The judgment of Srei Multiple Asset Investment Trust Vision India Fund v. Deccan Chronicle Marketers & Others, Civil Appeal No. 1706 of 20231 has been field by the successful resolution applicant (“Appellant”) of the Deccan Chronical Holdings Ltd. (“Corporate Debtor”) challenging the impugned order of the National Company Law Appellate Tribunal (“NCLAT”)on the moot point revolving around the modification/alteration of theapproved resolution plan by the adjudicating authority.
The Corporate Debtor is registered at Hyderabad and has been into the business of printing, publication and sale of daily newspapers under the trade names, “Deccan Chronicle” (English) and “Andhra Bhoomi” (Telugu). Canara Bank, financial creditor of the Corporate Debtor initiated a corporate insolvency resolution process (“CIRP”) against the Corporate Debtor that was admitted by the adjudicating authority (“NCLT”) on July 05, 2017. The CIRP period of the Corporate Debtor ended on January 15, 2019, and a committee of creditors (“CoC”) was constituted. In accordance with the published expression of interest, the Appellant’s resolution plan was approved by 81.39% (eighty-onepoint three nine percent) voting of the CoC and conditionally by NCLT, Hyderabad Bench vide order dated June 03, 2019. Parallelly an I.A. No.155 of 2018 was pending against the Corporate Debtor seeking a declaration by the Corporate Debtor that it is the owner of the trademarks- “Deccan Chronicle” and “Andhra Bhoomi” and thus the said trademarks be treated as part of the assets of the Corporate Debtor. On August 14, 2019, the NCLT decided the application with a direction that the Corporate Debtor holds an exclusive right to use the trademarks and declared that trademarks belong to the Corporate Debtor.
Aggrieved by this decision, the Corporate Debtor filed an appeal before the NCLAT challenging the validity of the impugned order on merits. The NCLAT, after hearing the parties, arrived at a conclusion that the declaration made by the NCLT holding the ownership rights of the Corporate Debtor over the trademarks amount to a modification/alteration of the approved Resolution Plan by CoC, which is impermissible in law and held that the order of the adjudicating authority, in fact, has transgressed its jurisdiction and accordingly set aside the impugned order vide order dated September 02, 2022.
Aggrieved by the NCLAT order, the Appellant filed an appeal before the Hon’ble Supreme Court in this case.
Whether declaration of ownership over the trademark after approval of the resolution plan by CoC and not forming a part of the resolution plan amounts to modification/alternation of the approved resolution plan?
Appellant’s counsel contended that there was no alteration/ modification of the resolution plan as the clauses of the resolution plan clearly construes that the Appellant holds unfettered and exclusive rights to the trademarks of the Corporate Debtor. On the other hand, Respondent’s counsel submitted that as per the approved resolution plan the right to trademarks was only confined to the perpetual exclusive right to use the trademark without any financial implications for the purpose of running its business. Further, the counsel submitted that the NCLT has transgressed its jurisdiction as under Section 60(5) and Section 238 of IBC, the adjudicating authority is not permitted to decide the issue in respect to ownership of trademarks and since declaration of ownership over the trademarks was approved by the NCLT, it is impermissible in law and such a declaration could be claimed by the person aggrieved under Section 134 of the Trademarks Act, 1999. To substantiate upon the same, the counsel relied on the judgment of Embassy Property Developments Private Limited v. State of Karnataka & Ors.2.JUDGMENT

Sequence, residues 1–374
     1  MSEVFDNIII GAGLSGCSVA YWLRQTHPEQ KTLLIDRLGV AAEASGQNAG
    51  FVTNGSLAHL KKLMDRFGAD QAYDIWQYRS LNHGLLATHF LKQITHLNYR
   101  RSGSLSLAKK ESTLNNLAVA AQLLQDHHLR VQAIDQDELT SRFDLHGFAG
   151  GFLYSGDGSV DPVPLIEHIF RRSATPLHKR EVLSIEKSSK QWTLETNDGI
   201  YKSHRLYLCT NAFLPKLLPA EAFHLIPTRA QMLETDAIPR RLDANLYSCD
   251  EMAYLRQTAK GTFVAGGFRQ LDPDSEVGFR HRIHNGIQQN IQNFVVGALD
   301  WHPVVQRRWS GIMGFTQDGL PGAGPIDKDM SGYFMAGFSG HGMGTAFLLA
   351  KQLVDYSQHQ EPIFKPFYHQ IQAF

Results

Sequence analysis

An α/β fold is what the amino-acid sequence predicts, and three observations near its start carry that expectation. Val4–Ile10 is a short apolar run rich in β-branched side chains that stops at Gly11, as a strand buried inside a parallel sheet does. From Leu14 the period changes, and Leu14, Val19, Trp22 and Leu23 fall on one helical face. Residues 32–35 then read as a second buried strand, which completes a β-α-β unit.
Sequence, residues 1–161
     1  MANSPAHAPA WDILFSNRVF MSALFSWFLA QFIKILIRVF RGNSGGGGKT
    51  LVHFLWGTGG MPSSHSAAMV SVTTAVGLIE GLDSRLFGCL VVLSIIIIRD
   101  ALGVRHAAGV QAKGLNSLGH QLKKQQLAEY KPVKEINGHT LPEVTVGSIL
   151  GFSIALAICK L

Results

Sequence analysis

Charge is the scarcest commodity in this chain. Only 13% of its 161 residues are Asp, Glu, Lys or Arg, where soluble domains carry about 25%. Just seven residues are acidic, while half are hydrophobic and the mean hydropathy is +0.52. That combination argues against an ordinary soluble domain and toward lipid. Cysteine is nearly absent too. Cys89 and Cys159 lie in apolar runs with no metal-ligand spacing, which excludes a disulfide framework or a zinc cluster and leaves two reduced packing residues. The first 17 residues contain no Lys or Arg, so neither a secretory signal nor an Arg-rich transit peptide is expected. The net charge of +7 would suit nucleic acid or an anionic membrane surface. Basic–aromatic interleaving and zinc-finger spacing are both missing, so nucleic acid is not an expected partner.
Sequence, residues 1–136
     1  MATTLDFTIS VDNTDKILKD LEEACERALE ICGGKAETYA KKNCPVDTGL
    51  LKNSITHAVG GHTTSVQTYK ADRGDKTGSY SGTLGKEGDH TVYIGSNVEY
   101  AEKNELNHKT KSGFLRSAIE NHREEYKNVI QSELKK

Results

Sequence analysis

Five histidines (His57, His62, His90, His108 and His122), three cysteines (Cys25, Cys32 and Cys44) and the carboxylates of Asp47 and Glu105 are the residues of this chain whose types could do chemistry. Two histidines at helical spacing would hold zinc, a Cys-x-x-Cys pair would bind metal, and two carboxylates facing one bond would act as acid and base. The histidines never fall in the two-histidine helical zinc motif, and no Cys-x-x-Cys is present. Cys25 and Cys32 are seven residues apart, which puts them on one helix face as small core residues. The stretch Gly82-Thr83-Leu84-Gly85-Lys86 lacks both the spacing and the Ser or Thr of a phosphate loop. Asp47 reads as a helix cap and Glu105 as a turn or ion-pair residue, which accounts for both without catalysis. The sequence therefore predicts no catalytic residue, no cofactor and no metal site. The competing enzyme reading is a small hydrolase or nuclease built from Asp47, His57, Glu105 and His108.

On perusal of the material available on record and referring to the judgment in Ebix Singapore Private Limited v. Committee of Creditors of Educomp Solutions Limited & Another3, wherein the Hon’ble Supreme Court observed that “Enabling withdrawals or modifications of the resolution plan at the behest of the successful resolution applicant, once it has been submitted to the adjudicating authority after due compliance with the procedural requirements and timelines, would create another tier of negotiations which will be wholly unregulated by the statute”, the Hon’ble Justice Rastogi of the Supreme Court dismissed the appeal filed by the Appellant and observed that in terms of the approved resolution plan, the Appellant had the perpetual exclusive right to use the brands of the Corporate Debtor but not the ownership rights of the trademarks of the Corporate Debtor.
In the case at hand, the Hon’ble Supreme Court had rightly discussed the adjudicating authority’s jurisdiction to review a resolution plan that is approved by a CoC based on their commercial wisdom. Any modification/ alternation of the approved resolution plan by the CoC by the court is impermissible in law and would lead to endless negotiations between the parties. Therefore, declaration of ownership over the trademark after approval of the resolution plan by CoC and not forming a part of the resolution plan would amount to modification/alternation of the approved resolution plan.